Meanwhile, I’m not sure I’ve ever seen ratatouille ($14) on a bar menu, and it’s appearance here should serve as indisputable proof of the daring of the chef. At Mainland Container, the traditional French provencal dish is reimagined as something of a shared appetizer and served with the same cheerless crostini that burden the shrimp cocktail. Seemingly made from leftover hamburger buns drizzled with oil and sprinkled with paprika, a baguette would be a vast improvement.

The ratatouille itself features big chunks of green and yellow zucchini squash, skin-on eggplant cubes and broccoli florets in a tomato sauce. Somebody in the kitchen really, really loves black pepper and the net product is so bracingly hot as to be reminiscent of a dish from the Sichuan province. Topped with chunks of mozzarella, it’s an interesting idea that doesn’t quite work.

The double container burger ($12) is apparently the most popular offering on the menu, and the bang for your buck is undeniable. If your tater tot experiences have been limited to the baking of the frozen orbs on a metal sheet in your oven, then prepare for a bombshell. MCC’s crisp and crunchy tots are in generous supply, fried in duck fat, and as deliciously extravagant as that sounds.

Made with a Martin’s potato roll and loaded with tangy beer cheese, the burger also sounds lavish. However, and despite the inclusion of pork belly in the ground beef mixture and my request for medium temperature, the two thin patties were extremely overcooked. Considering the hard char on one side, this isn’t terribly surprising. Simple solution? Make a single patty and voila, this burger would be a slam dunk.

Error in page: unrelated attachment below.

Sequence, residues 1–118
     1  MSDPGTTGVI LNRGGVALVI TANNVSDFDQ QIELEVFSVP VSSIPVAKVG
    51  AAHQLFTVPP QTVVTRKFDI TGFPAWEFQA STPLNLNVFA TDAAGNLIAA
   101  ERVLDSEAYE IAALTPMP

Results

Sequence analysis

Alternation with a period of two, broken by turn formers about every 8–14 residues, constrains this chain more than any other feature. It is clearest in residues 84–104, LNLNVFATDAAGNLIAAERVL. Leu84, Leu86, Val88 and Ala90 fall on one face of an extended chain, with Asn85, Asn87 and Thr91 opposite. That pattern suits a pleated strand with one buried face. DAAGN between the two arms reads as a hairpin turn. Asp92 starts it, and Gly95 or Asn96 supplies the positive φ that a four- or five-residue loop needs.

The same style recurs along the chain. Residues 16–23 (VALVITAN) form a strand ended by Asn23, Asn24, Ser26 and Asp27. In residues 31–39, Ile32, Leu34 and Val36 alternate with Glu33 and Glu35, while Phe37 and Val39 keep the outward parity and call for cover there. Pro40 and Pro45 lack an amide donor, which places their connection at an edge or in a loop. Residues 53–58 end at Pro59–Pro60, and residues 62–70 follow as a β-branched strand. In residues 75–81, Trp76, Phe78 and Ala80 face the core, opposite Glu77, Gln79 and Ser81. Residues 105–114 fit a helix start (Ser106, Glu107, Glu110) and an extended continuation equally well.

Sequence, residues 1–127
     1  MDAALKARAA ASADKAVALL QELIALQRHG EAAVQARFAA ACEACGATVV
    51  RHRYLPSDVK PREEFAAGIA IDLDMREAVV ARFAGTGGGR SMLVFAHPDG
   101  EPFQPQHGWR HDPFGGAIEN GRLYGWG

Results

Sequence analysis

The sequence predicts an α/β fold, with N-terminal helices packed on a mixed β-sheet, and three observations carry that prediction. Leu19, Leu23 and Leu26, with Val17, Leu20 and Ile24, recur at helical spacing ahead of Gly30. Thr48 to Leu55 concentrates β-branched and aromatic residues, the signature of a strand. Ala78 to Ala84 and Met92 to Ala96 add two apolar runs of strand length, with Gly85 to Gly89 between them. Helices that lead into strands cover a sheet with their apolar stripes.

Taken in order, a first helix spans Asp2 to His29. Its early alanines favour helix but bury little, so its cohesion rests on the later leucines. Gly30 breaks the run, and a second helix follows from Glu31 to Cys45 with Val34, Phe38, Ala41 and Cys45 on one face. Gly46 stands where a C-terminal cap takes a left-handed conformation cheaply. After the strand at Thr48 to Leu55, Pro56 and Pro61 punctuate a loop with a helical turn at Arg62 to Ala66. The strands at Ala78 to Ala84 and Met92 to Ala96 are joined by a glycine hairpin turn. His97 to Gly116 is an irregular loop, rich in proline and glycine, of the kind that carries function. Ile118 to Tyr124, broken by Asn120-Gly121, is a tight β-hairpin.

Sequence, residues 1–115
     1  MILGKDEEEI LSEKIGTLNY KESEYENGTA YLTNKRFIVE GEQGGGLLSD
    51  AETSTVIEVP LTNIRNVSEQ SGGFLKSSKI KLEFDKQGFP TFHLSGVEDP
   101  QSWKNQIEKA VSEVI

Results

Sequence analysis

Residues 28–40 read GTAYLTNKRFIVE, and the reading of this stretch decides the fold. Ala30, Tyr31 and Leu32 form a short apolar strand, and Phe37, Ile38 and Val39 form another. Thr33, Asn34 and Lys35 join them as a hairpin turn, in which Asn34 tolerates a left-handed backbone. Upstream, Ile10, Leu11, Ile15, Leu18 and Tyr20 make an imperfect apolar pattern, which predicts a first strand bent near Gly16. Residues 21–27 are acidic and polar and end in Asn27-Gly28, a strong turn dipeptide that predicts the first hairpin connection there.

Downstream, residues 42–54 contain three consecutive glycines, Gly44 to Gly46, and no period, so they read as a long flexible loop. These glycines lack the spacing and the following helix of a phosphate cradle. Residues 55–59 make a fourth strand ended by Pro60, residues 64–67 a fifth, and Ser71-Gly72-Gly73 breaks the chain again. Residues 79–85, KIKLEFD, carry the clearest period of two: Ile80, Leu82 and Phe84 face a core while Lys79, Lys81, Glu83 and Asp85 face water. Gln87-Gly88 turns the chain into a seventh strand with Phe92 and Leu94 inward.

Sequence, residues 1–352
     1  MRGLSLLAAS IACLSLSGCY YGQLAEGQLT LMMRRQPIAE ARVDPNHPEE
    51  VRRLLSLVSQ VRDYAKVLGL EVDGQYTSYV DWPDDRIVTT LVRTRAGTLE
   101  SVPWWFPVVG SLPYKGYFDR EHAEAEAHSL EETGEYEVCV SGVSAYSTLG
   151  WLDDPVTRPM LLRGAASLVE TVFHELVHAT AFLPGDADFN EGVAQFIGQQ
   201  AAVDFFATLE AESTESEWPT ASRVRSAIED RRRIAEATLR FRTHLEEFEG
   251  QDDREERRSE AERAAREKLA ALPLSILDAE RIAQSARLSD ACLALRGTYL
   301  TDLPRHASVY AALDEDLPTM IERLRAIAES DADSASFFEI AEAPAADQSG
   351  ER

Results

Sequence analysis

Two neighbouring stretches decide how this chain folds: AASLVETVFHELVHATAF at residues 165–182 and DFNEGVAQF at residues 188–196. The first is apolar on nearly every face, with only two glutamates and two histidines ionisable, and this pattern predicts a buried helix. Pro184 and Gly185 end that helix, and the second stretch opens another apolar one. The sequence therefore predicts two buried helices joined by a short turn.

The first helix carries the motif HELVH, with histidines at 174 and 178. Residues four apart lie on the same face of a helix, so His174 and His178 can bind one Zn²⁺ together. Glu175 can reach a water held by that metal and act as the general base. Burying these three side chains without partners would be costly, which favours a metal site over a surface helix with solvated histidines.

In contrast, the fish of the moment ($22) requires no modifications. Here, a thick cut of fresh wahoo is liberally coated in lemon pepper and pan fried. Plated on rich, creamy grits and topped with piquant chow chow, it’s a successful execution made even better by the accompanying seasonal vegetables. The mix of smoky asparagus, zucchini, and brussels sprouts is complemented by sautéed onions and chanterelle mushrooms. Along with the caprese avocado dish, the flavor balance of this fish showcases the chef’s obvious command of farm-to-table cuisine.

Nonetheless, and despite these successes, Mainland Container Company’s ambitious menu may be a bit too zealous, with several dishes falling quite short. In contrast, the deep fried options seem to be the safer bet, for now anyway. And there’s nothing wrong with that. With house cocktails served in Bud Light glasses, Hells Bells playing overhead, and some boisterous four-letter language emanating from the open kitchen, this is mostly a bar and maybe not so family-friendly. Four-legged friends, on the other hand, are emphatically welcome.